The move comes amid confusion about the roles and responsibilities of various federal cybersecurity leaders.
National Cyber Director Chris Inglis said the appointment of Federal Chief Information Security Officer Chris DeRusha as a deputy within his office is not a statement on their respective power to make decisions about cyber budgeting.
“That is not a subjugation of his authorities to the National Cyber Director,” Inglis said Thursday during an event hosted by the Center for Strategic and International Studies.
The move was first reported by The Washington Post early Thursday and was followed hours later by a tweet from Inglis describing the appointment as a dual designation. DeRusha will continue to serve as federal CISO and welcomes Iglis’ entrance into the federal cyber policy space despite confusion from lawmakers about who’s supposed to be doing what. He and Inglis both say they simply need more people on their closely related jobs.
Inglis said his office will likely have 75 to 80 people—a number too small for the mission. “That's not a dodge-the-bullet moment, that means that if we're to actually make a contribution we have to work with and through others, which is why yesterday we announced that, Chris DeRusha, the Federal CISO has been appointed as the Deputy Director for National Cyber for the purposes of federal cybersecurity," he said.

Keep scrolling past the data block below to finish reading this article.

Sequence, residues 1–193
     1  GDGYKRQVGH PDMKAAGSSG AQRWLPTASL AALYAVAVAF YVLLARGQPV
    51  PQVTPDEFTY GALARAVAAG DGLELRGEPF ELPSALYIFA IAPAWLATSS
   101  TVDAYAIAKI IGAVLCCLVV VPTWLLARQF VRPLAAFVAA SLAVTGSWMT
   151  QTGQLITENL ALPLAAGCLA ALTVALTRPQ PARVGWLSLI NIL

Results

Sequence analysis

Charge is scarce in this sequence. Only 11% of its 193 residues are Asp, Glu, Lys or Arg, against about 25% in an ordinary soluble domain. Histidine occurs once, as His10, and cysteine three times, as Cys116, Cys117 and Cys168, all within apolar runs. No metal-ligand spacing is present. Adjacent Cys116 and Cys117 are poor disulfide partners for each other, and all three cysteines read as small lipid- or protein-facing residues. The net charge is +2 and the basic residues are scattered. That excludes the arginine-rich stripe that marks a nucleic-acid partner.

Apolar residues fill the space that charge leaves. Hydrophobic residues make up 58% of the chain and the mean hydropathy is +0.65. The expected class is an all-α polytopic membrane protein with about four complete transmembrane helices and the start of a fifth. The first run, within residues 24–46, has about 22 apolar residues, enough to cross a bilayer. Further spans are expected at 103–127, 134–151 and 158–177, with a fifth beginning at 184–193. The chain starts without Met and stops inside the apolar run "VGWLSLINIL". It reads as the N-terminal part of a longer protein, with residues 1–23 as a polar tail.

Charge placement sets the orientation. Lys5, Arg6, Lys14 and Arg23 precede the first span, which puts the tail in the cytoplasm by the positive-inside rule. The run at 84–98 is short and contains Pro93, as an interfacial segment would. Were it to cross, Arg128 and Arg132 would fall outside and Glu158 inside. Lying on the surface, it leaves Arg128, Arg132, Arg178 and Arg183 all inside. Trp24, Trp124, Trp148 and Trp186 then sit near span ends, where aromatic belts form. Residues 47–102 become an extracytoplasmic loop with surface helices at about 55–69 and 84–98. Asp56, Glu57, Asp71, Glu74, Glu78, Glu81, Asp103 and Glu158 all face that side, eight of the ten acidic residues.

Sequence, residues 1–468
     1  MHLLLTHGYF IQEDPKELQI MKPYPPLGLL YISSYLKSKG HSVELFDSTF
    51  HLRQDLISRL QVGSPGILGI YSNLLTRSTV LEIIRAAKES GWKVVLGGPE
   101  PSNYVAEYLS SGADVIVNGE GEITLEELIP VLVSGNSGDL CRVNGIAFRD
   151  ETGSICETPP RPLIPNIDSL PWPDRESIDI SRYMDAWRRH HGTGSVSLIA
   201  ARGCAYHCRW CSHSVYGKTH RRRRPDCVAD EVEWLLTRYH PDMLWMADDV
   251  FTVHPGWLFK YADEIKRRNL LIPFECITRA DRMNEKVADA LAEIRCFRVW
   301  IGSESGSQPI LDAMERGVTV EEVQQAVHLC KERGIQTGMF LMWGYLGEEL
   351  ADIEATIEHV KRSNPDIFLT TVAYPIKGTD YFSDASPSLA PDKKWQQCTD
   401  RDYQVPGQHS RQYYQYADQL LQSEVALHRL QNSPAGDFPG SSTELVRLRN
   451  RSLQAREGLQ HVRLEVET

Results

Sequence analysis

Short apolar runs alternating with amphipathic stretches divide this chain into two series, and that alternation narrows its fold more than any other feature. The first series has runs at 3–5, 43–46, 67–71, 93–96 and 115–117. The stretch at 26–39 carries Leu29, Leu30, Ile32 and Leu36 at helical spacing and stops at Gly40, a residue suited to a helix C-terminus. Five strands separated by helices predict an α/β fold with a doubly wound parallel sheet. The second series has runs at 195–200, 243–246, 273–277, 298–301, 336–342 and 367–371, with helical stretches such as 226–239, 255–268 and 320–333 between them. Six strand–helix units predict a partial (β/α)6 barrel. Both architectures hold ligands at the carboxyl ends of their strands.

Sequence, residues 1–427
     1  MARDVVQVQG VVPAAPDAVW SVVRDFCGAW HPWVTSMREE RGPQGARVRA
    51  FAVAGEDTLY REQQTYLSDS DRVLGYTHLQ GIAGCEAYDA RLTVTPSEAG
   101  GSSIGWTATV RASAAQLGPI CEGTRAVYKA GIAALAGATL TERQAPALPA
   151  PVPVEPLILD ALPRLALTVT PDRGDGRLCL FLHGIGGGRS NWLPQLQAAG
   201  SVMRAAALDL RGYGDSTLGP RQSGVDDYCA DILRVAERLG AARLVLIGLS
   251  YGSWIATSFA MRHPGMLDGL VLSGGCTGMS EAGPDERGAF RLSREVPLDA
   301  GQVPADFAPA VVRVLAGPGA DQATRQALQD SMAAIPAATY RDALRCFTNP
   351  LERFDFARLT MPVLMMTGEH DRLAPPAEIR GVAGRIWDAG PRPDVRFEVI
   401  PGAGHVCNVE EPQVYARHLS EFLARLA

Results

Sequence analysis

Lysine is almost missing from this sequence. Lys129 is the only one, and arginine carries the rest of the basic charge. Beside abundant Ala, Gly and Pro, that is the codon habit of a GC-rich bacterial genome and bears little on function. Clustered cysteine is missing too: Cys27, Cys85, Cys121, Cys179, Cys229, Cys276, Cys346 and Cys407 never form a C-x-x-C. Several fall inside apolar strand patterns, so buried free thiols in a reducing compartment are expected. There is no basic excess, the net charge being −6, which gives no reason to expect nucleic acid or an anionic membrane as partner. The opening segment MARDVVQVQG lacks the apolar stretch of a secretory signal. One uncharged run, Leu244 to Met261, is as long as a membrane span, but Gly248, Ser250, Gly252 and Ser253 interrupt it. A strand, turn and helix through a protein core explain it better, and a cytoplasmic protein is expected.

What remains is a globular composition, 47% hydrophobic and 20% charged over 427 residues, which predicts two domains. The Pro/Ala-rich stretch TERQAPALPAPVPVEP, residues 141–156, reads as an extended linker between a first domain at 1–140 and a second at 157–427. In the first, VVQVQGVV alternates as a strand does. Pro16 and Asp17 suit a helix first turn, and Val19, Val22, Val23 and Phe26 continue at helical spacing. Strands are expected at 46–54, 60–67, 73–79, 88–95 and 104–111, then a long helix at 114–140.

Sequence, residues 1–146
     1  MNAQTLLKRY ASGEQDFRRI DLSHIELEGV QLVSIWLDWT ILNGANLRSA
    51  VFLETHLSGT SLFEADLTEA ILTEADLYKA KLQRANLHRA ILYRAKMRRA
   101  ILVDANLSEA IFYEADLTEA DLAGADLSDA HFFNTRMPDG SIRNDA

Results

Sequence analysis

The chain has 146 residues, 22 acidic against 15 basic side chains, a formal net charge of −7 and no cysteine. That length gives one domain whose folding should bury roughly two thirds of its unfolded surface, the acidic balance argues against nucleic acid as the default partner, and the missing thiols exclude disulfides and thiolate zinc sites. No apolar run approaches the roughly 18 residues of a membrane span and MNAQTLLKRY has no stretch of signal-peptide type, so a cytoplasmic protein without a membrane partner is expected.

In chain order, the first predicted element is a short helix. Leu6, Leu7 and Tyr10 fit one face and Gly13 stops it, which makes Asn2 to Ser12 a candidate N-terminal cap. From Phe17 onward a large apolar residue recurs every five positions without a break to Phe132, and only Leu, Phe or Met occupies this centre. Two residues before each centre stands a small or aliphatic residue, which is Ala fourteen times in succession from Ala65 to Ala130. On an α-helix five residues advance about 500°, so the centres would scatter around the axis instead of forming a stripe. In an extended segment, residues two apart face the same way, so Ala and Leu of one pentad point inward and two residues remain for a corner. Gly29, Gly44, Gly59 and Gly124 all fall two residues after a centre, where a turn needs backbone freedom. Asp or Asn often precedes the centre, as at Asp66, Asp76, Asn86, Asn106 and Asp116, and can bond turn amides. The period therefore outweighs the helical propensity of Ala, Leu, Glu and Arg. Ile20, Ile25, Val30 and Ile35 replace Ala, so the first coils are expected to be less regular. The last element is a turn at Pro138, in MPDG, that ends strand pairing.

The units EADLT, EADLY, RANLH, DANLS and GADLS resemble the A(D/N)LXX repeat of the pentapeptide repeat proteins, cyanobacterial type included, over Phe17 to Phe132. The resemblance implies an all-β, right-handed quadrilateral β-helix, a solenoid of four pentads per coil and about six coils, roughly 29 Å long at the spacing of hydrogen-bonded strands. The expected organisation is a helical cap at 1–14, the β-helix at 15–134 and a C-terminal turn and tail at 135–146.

Inglis acknowledges the importance of clear roles and responsibilities for the purpose of accountability, a big selling point in the push for Congress to create his office. On Thursday his office published a statement of strategic intent to lay out the official duties of his office.
“It's an alignment and harmonization such that we'll make sure that what we do, we do together,” Inglis said of DeRusha’s new appointment, “so that if you're a CISO in the federal enterprise, and you hear us each speak, we're finishing each other sentences. We're not going to give conflicting guidance. It will always be complementary.”
During a recent hearing on the issue, Inglis told Sen. Rob Portman, R-Ohio, he is accountable for cybersecurity of federally owned and leased estates, but that he is also responsible for assigning that accountability to others.
“Yes sir, I am ultimately the accountable person. Now, my job is to make sure that that accountability has been allocated properly to agency and department heads, to [the Cybersecurity and Infrastructure Security Agency] for being the operational entity coordinating the defense, to [the Office of Management and Budget] for issuing the right directives,” he said. “As the coach, I need to make sure those roles are properly assigned, properly executed.”